You are currently browsing the category archive for the ‘Me and Orson Welles’ category.

73. Big Fan

I’m not entirely certain there’s a huge crossover between cineastes and sports fans, but as someone in the middle of that Venn diagram, I was looking forward to this film, which stars Patton Oswalt and was directed by Robert D. Siegel.  Oswalt was a revelation and deserved, I felt, to at least be in the Oscar discussion.  His character felt very fresh, even if much of the plot was exceedingly familiar.  The film is pretty dark, which sometimes led it to be a little opaque.  The ending was certainly interesting, not sure anyone could claim they saw it coming.

72. Trucker

There was roughly a week last year where Michelle Monaghan received some Oscar buzz for this role, so on my queue it went.  I tend to have strong reactions to her roles, I adored her in Kiss Kiss Bang Bang, thought she was a cipher in Gone Baby Gone.  I absolutely do think she could have entered the Oscar conversation with a few more scenes written for her (well, and a larger distributor wouldn’t have hurt).  The story is a little sparse, occasionally too much so.  I did think the reversal of traditional gender roles was used pretty effectively.  Also, let’s take a second to appreciate Nathan Fillion, who’s every bit as amazing as you’d expect him to be.  In a just world he would have at least been mentioned in supporting actor talks.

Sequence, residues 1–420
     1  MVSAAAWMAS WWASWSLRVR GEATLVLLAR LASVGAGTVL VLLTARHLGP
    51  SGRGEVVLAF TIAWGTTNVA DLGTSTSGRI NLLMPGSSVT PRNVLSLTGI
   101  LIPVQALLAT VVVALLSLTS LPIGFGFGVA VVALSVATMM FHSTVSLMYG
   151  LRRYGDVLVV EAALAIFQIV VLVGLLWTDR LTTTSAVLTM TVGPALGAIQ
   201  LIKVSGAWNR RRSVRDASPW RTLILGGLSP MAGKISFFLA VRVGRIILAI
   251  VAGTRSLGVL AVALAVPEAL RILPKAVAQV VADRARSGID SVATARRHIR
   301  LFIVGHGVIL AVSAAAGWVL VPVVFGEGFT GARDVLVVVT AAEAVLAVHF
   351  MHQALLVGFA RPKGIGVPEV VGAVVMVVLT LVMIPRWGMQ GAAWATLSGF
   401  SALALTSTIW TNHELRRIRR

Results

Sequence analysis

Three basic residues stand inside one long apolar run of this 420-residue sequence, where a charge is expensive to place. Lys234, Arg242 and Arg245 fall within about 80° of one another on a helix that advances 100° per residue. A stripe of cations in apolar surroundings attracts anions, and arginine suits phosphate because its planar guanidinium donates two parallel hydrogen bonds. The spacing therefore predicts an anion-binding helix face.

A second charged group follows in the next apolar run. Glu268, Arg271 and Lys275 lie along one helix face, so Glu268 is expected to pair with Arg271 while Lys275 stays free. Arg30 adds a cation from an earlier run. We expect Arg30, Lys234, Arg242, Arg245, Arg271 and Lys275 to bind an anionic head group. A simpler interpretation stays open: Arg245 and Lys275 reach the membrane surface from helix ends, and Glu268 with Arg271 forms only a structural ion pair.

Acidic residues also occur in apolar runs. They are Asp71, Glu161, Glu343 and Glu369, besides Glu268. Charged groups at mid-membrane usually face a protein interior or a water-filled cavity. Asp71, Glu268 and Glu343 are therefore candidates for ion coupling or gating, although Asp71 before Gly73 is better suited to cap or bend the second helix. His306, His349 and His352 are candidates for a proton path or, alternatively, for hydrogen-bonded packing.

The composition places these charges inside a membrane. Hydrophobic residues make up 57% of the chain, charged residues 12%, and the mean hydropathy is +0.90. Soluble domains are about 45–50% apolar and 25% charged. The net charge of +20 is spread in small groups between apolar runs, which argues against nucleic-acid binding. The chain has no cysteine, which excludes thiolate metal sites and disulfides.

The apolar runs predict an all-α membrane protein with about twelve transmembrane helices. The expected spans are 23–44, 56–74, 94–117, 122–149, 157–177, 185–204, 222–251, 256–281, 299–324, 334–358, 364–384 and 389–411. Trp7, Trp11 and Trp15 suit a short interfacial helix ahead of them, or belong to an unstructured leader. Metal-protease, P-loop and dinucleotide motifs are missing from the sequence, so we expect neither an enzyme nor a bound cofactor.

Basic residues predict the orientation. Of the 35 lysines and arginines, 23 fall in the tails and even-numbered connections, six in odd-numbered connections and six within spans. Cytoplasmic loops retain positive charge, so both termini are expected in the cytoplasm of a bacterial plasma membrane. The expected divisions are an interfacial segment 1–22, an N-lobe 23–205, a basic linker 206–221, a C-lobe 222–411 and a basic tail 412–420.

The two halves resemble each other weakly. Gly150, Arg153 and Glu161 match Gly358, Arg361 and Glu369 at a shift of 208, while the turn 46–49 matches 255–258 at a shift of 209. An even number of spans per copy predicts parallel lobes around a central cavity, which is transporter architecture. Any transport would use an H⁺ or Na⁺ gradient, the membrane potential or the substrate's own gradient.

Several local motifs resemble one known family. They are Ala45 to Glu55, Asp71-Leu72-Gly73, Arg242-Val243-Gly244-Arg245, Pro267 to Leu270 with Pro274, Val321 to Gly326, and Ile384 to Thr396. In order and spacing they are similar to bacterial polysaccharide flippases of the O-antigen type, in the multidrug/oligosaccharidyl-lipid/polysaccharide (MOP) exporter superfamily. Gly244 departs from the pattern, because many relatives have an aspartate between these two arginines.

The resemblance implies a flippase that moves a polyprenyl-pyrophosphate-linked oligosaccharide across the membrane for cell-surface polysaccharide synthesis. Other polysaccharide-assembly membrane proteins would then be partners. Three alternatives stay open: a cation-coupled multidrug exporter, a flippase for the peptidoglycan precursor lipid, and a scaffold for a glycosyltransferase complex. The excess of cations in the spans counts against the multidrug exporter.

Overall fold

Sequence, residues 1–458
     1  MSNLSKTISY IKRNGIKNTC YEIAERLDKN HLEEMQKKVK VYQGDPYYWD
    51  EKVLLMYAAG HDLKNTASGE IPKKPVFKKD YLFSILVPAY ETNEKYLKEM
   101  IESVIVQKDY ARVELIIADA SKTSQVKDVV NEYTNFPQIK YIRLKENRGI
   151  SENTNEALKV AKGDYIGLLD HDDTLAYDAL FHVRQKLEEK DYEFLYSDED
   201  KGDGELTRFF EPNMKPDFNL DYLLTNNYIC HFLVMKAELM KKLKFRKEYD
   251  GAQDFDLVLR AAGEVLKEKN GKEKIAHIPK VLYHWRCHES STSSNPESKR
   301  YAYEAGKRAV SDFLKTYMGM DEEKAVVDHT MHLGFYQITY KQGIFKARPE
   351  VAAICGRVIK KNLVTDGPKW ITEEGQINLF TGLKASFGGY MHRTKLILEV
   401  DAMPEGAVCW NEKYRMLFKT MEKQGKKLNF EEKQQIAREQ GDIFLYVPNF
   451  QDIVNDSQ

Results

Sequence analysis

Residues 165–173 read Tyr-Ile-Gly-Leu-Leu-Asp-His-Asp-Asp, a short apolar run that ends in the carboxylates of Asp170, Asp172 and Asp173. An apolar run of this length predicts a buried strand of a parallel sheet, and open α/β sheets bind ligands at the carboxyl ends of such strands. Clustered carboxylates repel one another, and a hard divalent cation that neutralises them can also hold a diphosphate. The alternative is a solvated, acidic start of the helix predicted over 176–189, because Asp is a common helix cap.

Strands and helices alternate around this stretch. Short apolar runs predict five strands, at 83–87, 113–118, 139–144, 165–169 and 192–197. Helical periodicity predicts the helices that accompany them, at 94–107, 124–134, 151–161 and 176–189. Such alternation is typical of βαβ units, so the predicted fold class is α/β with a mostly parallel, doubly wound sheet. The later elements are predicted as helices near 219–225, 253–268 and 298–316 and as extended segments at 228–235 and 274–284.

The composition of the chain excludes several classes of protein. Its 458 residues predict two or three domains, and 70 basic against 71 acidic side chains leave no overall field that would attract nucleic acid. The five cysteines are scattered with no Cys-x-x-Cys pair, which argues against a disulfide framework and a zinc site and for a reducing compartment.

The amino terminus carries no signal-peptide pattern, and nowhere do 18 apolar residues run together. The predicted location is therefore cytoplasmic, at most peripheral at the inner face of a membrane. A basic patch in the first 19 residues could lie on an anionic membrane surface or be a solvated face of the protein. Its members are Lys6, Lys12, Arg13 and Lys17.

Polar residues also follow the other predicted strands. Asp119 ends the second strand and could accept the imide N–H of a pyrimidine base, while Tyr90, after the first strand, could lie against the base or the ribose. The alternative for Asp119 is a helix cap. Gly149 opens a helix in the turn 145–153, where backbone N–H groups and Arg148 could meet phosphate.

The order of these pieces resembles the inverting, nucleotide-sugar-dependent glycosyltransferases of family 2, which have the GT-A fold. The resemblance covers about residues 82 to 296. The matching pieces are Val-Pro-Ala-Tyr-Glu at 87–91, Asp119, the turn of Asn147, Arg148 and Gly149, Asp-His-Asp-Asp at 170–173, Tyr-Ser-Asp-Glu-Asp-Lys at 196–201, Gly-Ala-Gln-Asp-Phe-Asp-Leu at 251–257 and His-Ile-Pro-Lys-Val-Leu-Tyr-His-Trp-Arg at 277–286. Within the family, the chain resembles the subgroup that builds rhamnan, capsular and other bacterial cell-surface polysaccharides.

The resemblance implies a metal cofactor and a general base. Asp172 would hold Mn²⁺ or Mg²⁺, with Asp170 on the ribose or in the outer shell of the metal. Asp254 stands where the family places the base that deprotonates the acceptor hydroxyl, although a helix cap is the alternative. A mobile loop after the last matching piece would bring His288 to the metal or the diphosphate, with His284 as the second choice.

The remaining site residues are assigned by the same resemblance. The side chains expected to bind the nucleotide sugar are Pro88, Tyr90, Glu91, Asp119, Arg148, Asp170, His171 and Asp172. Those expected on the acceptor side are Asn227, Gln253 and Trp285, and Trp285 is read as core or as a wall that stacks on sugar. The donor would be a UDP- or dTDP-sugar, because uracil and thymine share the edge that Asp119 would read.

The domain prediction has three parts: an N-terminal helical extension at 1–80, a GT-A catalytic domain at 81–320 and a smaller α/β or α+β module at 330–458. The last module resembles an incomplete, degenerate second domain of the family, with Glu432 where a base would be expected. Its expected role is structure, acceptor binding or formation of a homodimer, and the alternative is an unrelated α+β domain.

71. Year One

Seems like I may have rated this one a little bit higher than I expected, I’m sure that’s in no way related to Gavin calling that this film would be a huge dud.  Saw this one with Matt, Jess, and their new baby Grace.  Who I guess isn’t so new any more!  I’m not entirely certain what went wrong here.  The cast is solid, with tons of cool cameos.  It was directed and co-written by comedy legend Harold Ramis and co-written by The Office scribes…wait a second.  Did anyone else see this season of The Office?  Suddenly it all makes a little more sense.

70. Cirque du Freak: The Vampire’s Assistant

I think there are many extra challenges to adapting a series (as opposed to a standalone novel).  One pitfall this film fell into was the desire to establish a franchise without laying the groundwork for one.  Much of the film felt like a giant prologue for stories to come.  Which, hey, may work great in a TV pilot.  John C. Reilly was his usual great self and Salma Hayek was the hottest bearded lady since Rebecca Romijn in Dirty Work.  Orlando Jones shows up, I think he continues to be criminally underused.

69. Me and Orson Welles